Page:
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Hows this difference in low/average/high retail work?
#1
Now I realize that the true value of any car, or anything else for that fact, is what someone is willing to pay. That being said, I usually use NADAGUIDES to get a rough idea of a cars value but I've always been a little confused as to how they figure the difference between Low, Average and High retail. I understand how to categorize a car to be in the Low, Average or High retail category, what I don't under stand is how these values can vary so much from one car to another in the difference in Low and High.

Here is an example:

My 1973 Mach 1 Q code has a NADAGUIDES low retail value of roughly $12,000 and a high retail of roughly $40,000. The 1967 fastback I was comparing it to has a low retail of $17,000 and a high retail of $30,000. So basically the 67 is worth more in rough shape and the 73 is worth more is great shape. It also was the case with my 64 1/2 convertible. It has a low retail of $14,000 and a high retail of $39,000.

What makes a car worth less in low retail condition and worth more in great condition? Is it that the 67 fastback is worth more in crappy condition because it is easier to find more 73's in crappy condition than 67's and easier to find more 67's in great condition than 73's? A supply and demand thing?

Also, where is the best place to get a general idea of the value on classic cars? Most of the time when I want a realistic value I'll go to eBay completed sales and see what people are actually paying.

Thanks

1965 D Code
[Image: 64-dcode-200x83.jpg]
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#2
I understand what you mean and actually, i have another complain about this kind of general value thing...

First yes... i think what makes a low retail car value more or less is either how common is the car in that condition and/or how much demand does it have... Another factors can affect that and i think this kinda enterprices that work valuing thing may be consider other facts... But in a common sence thought i think the offer/demand is what gives a car the initial value... The more cars in that condition are in the market, the more competitive sell condition exists and that concludes on a price fight and that gives you a lower final price...

I dont think this guys are so much into classic car value per se, they just work with any car in the market the same way, taking into account the same parameters in my opinion... That is why maybe they "mistake" here and there... I personally dont think a 67 fastback worth almost 10K less than a 64 vert...

When it comes to high retail value i just wonder what they search especificly to determine if a car is better than other.. specially in classic cars... Anyhow, for me a simple math is how much does it take to "restore" an specific car, plus the average retail that car has... Here in Uruguay this kinda numbers has nothing to do with our reality of course and that´s something that this kind of enterprices doesn´t specify... In here, there´s no mustang in driving condition that worth less than 20K... even a 1997 or 98 V6 worth that kind of money... Any "classic" mustang that is "restored" (that means shinny paint in my country) worth 30K easily...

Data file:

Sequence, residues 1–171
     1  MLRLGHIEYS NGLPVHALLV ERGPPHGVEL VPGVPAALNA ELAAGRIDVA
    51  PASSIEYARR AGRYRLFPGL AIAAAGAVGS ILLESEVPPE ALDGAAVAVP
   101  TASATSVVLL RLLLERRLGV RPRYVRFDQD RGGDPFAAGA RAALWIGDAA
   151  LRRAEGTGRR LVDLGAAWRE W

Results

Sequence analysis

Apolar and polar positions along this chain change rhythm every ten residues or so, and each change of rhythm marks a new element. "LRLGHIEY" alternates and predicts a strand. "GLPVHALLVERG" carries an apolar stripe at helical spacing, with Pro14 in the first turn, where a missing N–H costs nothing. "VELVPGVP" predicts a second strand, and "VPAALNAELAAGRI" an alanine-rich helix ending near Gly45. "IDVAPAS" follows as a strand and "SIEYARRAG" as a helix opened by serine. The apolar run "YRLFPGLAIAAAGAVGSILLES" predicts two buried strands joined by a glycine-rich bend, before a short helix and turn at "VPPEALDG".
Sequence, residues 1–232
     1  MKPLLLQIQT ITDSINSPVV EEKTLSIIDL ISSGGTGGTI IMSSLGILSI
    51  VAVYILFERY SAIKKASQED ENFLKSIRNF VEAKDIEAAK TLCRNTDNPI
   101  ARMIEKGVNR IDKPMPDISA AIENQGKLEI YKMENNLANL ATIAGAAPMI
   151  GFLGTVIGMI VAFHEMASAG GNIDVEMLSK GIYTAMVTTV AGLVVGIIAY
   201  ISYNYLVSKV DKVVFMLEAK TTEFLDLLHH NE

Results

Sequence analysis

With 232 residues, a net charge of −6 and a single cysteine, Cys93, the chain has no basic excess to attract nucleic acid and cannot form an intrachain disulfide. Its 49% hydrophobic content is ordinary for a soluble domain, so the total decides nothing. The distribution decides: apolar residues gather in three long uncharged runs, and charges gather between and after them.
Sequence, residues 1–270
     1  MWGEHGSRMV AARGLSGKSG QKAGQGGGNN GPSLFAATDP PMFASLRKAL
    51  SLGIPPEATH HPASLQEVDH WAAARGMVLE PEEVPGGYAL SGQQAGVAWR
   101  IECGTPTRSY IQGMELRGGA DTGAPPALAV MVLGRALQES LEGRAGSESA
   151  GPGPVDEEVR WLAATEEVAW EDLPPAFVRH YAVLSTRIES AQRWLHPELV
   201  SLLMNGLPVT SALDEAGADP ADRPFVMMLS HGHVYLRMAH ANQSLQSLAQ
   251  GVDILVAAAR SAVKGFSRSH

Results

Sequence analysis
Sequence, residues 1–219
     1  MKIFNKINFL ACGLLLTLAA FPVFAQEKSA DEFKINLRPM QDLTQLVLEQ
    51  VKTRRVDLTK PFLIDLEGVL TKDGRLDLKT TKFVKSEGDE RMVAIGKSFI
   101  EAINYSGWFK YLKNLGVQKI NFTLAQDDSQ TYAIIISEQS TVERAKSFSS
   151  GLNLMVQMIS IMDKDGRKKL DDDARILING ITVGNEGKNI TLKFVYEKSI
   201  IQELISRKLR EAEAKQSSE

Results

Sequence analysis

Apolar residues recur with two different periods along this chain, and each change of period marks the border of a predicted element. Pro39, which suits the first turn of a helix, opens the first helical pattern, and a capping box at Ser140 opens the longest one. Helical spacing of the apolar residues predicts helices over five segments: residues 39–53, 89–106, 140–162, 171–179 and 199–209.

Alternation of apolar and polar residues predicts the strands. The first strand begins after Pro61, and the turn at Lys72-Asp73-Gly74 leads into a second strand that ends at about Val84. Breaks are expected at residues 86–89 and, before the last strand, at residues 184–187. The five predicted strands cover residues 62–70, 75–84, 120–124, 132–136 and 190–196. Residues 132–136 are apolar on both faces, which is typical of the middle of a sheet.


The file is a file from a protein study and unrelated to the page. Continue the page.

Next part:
Condition in a country that is not USA or close is another issue... In south america we dont have access to NOS parts for instance... We can buy Ebay stuff if the price doesn´t go high than 50 bucks and the shipping always costs as much as the part so, if you apply that in the years of existance of our mustangs it is an easy find that there´s not even 1 mustang 100% original... My 72 is for sure the best mustang in my country because it hasn´t have accidents or engine swaps in his life... You guys have a lot better conditioned cars there and that gives you a high retail diferent than what a high retail would mean in here...

So... if you are in America then this values can be applied but i won't trust them blind in classic cars... If you´re buying a Honda Civic then yes... Those cars are just right to apply a math method to determine the right price... In our cars, any buyier will apreciate certain things and dismiss others... Every car has pros and cons and the right next owner is the one who´s willing to pay what the actual owner thinks about his cars value...



Damián Cool

[Image: 120x45bk1ani.gif]
Vote For 7173Mustangs.Com Every Day!
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#3
Like everything else SUPPLY and DEMAND
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#4
Detector;42971 Wrote:Now I realize that the true value of any car, or anything else for that fact, is what someone is willing to pay. That being said, I usually use NADAGUIDES to get a rough idea of a cars value but I've always been a little confused as to how they figure the difference between Low, Average and High retail. I understand how to categorize a car to be in the Low, Average or High retail category, what I don't under stand is how these values can vary so much from one car to another in the difference in Low and High.

Here is an example:

My 1973 Mach 1 Q code has a NADAGUIDES low retail value of roughly $12,000 and a high retail of roughly $40,000. The 1967 fastback I was comparing it to has a low retail of $17,000 and a high retail of $30,000. So basically the 67 is worth more in rough shape and the 73 is worth more is great shape. It also was the case with my 64 1/2 convertible. It has a low retail of $14,000 and a high retail of $39,000.

What makes a car worth less in low retail condition and worth more in great condition? Is it that the 67 fastback is worth more in crappy condition because it is easier to find more 73's in crappy condition than 67's and easier to find more 67's in great condition than 73's? A supply and demand thing?

Also, where is the best place to get a general idea of the value on classic cars? Most of the time when I want a realistic value I'll go to eBay completed sales and see what people are actually paying.

Thanks